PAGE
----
Health & Science

Study Warns There Is More of This Toxin In Our Bodies Than Previously Thought

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A new study shows that humans have way more Bisphenol A (BPA) in their bodies than previously thought. BPA is a chemical found in many everyday items including food containers, cups, and store receipts. Exposure to BPA is associated with a whole host of health problems including infertility, birth defects, delayed or disrupted puberty, breast cancer, prostate cancer, diabetes, heart disease, and more.

The Washington State University study used a new testing method for measuring BPA levels in human urine, and found that the average concentration of BPA was 44 times greater than the number found in previous studies. The researchers compared the old and new testing methods in 29 pregnant women and 10 other adults during the course of the study. The novel testing method is able to detect BPA that is hiding in chemically altered forms, and as a result uncovers much more BPA.

Although the sample size for the new testing method was small, other experts in the field think the research is an important step. Lori Hoepner of SUNY Downstate School of Public Health told TIME, “It makes sense and it appears to be a repeatable method that could be tried with other sample populations. It could really blow a lot of things we know about BPA out of the water.”

The research has big implications, because the previously accepted method for measuring BPA levels in humans had showed that the presence of the chemical in adults was negligible and didn’t need to be regulated in consumer products. Since BPA exposure has been found to be more harmful to children, the FDA hasn’t allowed the chemical to be used in baby bottles and sippy cups in the U.S. since 2012.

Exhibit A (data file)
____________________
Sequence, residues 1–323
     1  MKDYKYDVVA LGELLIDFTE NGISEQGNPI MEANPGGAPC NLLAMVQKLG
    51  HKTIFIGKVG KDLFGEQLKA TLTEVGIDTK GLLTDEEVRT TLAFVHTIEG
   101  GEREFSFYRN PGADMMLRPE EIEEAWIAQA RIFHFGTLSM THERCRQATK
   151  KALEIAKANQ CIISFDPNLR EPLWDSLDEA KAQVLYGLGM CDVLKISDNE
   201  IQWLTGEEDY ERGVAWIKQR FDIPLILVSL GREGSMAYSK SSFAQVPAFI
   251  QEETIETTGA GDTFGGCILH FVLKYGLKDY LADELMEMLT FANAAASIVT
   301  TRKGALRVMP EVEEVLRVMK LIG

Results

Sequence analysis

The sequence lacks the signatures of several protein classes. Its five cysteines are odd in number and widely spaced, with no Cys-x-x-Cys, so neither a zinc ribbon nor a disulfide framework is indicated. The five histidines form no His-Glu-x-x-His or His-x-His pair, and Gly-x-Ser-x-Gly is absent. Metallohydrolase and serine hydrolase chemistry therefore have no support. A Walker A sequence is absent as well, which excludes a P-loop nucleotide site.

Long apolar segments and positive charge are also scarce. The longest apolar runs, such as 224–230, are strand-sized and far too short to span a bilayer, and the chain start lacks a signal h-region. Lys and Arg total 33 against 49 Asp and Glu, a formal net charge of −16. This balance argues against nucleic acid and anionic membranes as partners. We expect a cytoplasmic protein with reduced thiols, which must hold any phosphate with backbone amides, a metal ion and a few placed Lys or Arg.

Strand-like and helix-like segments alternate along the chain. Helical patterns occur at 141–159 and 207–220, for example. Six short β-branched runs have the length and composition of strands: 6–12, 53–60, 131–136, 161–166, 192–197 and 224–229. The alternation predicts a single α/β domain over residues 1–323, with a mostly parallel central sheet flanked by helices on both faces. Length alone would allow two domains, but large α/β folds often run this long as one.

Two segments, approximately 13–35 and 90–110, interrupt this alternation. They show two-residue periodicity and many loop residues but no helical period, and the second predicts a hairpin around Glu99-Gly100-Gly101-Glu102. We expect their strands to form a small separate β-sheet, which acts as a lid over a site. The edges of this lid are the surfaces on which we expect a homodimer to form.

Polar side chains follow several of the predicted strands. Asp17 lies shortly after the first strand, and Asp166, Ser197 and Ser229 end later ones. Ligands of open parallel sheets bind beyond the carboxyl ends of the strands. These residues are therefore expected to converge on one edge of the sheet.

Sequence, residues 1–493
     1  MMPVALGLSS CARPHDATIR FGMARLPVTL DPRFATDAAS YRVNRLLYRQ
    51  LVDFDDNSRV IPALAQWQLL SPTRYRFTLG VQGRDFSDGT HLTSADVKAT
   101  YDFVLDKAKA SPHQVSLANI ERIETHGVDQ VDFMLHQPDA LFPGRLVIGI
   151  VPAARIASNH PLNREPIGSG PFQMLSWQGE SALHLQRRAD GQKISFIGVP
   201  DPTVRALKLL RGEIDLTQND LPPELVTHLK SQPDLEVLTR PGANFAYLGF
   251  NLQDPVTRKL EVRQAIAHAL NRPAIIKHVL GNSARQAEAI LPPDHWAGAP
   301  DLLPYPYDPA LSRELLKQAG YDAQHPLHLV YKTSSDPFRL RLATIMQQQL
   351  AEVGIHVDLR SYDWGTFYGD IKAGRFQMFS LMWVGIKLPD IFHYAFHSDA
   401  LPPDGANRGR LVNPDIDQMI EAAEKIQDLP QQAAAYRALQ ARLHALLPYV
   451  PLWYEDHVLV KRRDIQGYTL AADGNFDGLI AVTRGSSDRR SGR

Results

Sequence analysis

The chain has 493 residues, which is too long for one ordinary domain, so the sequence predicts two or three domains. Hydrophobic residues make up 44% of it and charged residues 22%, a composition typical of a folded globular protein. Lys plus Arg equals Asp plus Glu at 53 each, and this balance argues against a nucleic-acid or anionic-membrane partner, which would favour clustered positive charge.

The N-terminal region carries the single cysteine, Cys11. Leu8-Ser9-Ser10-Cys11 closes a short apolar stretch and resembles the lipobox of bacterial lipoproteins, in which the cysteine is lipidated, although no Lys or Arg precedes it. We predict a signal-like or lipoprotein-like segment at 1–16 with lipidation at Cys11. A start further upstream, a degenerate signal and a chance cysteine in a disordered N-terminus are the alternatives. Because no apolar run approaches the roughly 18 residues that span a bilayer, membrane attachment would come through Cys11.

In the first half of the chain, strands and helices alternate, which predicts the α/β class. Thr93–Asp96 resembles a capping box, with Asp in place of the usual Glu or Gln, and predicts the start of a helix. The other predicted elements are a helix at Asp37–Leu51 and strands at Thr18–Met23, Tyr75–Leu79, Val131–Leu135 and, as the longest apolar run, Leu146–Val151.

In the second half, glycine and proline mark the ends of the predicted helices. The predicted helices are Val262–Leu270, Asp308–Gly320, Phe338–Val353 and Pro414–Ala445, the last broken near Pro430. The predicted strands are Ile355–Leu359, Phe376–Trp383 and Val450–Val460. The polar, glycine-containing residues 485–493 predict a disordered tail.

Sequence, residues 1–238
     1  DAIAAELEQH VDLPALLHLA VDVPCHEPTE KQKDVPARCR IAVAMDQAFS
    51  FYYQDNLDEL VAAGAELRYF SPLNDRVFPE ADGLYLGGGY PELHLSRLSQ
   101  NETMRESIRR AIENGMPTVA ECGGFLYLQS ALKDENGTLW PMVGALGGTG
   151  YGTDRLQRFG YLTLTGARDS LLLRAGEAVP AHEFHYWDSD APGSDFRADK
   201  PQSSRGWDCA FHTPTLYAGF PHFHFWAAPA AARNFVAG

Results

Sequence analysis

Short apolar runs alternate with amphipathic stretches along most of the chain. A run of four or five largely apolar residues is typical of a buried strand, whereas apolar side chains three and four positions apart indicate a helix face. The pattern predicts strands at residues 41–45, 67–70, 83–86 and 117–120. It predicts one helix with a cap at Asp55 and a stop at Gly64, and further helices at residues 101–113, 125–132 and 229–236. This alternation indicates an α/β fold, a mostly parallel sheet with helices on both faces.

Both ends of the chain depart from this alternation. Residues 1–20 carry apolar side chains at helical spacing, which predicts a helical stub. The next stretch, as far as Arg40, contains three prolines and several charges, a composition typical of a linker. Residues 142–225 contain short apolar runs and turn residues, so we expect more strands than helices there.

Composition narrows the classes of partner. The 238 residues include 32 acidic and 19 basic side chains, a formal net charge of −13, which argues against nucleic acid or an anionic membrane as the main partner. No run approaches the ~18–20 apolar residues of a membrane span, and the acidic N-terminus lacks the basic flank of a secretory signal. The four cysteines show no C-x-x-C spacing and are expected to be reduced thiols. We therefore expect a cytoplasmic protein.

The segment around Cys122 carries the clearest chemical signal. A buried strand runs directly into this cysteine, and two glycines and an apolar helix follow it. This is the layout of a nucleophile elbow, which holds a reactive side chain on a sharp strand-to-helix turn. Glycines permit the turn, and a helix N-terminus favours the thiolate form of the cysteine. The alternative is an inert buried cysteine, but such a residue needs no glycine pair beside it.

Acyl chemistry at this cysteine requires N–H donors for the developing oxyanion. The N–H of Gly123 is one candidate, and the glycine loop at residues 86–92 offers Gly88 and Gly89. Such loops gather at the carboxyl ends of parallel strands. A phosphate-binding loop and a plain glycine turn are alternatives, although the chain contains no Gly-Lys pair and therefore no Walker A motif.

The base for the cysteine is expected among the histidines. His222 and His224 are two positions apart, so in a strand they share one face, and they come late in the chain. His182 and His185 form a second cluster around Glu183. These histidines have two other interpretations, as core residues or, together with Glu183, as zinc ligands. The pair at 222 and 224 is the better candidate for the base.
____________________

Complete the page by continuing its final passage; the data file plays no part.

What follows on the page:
But if testing of the chemical in adults has been grossly underestimated, federal regulations may need to be updated too. As the researchers wrote in their paper, “Because negligible exposure levels have been a cornerstone of regulatory decisions, the present data raise urgent concerns that risks to human health have also been dramatically underestimated.”

What parents should do

Until then, what can consumers do to limit our exposure to BPA, not to mention other toxins commonly found in plastic? It’s a good idea to get rid of any old, scratched plastic food containers, cups, and bottles, especially baby bottles and sippy cups made before 2012.

Avoid putting plastic in the microwave or dishwasher, and switch to using glass and stainless steel whenever possible.

Besides food containers, some of the worst offenders are receipts, so avoid handling them more than you have to, definitely don’t give them to children, and ask your favorite stores to find safer alternatives or to go paperless

Dealing with school closures, childcare issues, or other challenges related to coronavirus? Find support, advice, activities to keep kids entertained, learning opportunities and more in our Coronavirus Parents: Parenting in a Pandemic Facebook Group.

For ongoing updates on coronavirus-related issues and questions that impact children and families, please find additional resources here.

Joanna Eng is a freelance writer and editor, Lambda Literary Fellow, and co-founder of Dandelions, a parenting and social justice newsletter. She lives with her wife and child in the New York City area, where she is constantly seeking out slivers of nature. You can find her on Twitter @joannamengland.